Mechanism of entecavir resistance of hepatitis B virus with viral breakthrough as determined by long-term clinical assessment and molecular docking simulation.

Abstract:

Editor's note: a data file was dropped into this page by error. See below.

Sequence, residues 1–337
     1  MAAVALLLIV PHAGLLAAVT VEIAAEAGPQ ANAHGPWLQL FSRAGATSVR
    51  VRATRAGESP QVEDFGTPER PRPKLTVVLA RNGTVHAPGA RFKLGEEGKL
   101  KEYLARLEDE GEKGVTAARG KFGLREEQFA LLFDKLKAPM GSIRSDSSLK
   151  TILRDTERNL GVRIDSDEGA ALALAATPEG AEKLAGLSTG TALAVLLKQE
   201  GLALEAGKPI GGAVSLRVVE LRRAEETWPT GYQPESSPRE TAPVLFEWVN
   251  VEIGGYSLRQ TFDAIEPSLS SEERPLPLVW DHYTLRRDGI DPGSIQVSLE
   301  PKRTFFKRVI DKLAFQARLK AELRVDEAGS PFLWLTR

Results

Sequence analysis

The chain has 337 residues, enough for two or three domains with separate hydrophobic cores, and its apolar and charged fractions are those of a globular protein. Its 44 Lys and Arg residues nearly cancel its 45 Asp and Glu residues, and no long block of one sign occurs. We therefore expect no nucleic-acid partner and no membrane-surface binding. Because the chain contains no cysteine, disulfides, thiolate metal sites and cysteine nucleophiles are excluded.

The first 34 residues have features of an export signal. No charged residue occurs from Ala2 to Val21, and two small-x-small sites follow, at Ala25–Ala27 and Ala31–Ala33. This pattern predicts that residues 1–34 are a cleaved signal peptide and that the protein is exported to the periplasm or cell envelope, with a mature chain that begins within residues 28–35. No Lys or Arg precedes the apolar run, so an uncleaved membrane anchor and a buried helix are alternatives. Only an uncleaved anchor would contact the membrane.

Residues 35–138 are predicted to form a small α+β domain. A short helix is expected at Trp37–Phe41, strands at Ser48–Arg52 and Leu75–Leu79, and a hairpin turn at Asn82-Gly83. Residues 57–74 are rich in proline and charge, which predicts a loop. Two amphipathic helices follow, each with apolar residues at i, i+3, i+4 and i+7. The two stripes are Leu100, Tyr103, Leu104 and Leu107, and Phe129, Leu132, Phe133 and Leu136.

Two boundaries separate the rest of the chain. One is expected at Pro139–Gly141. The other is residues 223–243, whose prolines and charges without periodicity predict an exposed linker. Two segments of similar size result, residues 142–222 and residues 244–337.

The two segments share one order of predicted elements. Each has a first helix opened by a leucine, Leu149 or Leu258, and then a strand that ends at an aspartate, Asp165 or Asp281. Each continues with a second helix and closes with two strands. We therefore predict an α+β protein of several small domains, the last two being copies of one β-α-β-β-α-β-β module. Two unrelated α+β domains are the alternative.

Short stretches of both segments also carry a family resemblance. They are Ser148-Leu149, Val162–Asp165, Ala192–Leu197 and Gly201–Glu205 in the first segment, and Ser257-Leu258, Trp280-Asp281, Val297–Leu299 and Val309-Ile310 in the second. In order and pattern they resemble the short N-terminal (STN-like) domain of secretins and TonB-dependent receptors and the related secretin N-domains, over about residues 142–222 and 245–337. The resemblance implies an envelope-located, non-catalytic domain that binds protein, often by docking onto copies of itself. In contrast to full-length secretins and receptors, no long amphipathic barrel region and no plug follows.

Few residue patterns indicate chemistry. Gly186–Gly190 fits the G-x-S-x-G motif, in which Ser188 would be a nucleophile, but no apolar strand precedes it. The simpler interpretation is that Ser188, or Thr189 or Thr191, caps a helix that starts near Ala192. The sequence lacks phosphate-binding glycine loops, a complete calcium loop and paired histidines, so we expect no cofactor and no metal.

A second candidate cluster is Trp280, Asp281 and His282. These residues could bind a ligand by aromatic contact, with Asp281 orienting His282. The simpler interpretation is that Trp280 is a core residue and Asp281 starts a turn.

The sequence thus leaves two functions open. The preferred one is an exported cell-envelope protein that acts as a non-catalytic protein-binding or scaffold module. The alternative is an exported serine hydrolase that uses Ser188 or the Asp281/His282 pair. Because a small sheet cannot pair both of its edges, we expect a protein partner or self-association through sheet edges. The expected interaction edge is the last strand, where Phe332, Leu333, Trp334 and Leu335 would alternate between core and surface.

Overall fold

The mechanism by which entecavir resistance (ETVr) substitutions of hepatitis B virus (HBV) can induce breakthrough (BT) during ETV therapy is largely unknown. We conducted a cross-sectional study of 49 lamivudine (LVD)-refractory patients and 59 naïve patients with chronic hepatitis B. BT was observed in 26.8% of the LVD-refractory group during weeks 60 to 144 of ETV therapy. A line probe assay revealed ETVr substitutions only in the LVD-refractory group, i.e., in 4.9% of patients at baseline, increasing to 14.6%, 24.4%, and 44.8% at weeks 48, 96, and 144, respectively. Multivariate logistic regression analysis adjusted for age, gender, HBV DNA levels, and LVD resistance (LVDr) (L180M and M204V, but not M204I) indicated that T184 substitutions and S202G (not S202C) were a significant factor for BT (adjusted odds ratio [OR], 141.12, and 95% confidence interval [CI], 6.94 to 2,870.20; OR, 201.25, and 95% CI, 11.22 to 3608.65, respectively). Modeling of HBV reverse transcriptase (RT) by docking simulation indicated that a combination of LVDr and ETVr (T184L or S202G) was characterized by a change in the direction of the D205 residue and steric conflict in the binding pocket of ETV triphosphate (ETV-TP), by significantly longer minimal distances (2.2 A and 2.1 A), and by higher potential energy (-117 and -99.8 Kcal/mol) for ETV-TP compared with the wild type (1.3 A; -178 Kcal/mol) and LVDr substitutions (1.5 A; -141 Kcal/mol). Our data suggest that the low binding affinity of ETV-TP for the HBV RT, involving conformational change of the binding pocket of HBV RT by L180M, M204V plus T184L, and S202G, could induce BT.

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